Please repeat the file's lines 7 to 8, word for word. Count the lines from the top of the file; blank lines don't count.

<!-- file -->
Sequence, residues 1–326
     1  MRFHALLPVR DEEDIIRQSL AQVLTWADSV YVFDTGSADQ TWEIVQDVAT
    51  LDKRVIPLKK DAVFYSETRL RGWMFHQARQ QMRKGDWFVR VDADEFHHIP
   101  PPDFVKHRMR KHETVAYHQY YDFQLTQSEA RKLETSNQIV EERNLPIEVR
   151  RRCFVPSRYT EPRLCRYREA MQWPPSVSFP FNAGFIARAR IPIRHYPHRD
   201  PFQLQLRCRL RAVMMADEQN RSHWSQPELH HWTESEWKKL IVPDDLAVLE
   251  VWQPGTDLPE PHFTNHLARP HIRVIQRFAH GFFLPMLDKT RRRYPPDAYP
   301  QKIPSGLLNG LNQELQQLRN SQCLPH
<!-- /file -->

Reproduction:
   251  VWQPGTDLPE PHFTNHLARP HIRVIQRFAH GFFLPMLDKT RRRYPPDAYP
   301  QKIPSGLLNG LNQELQQLRN SQCLPH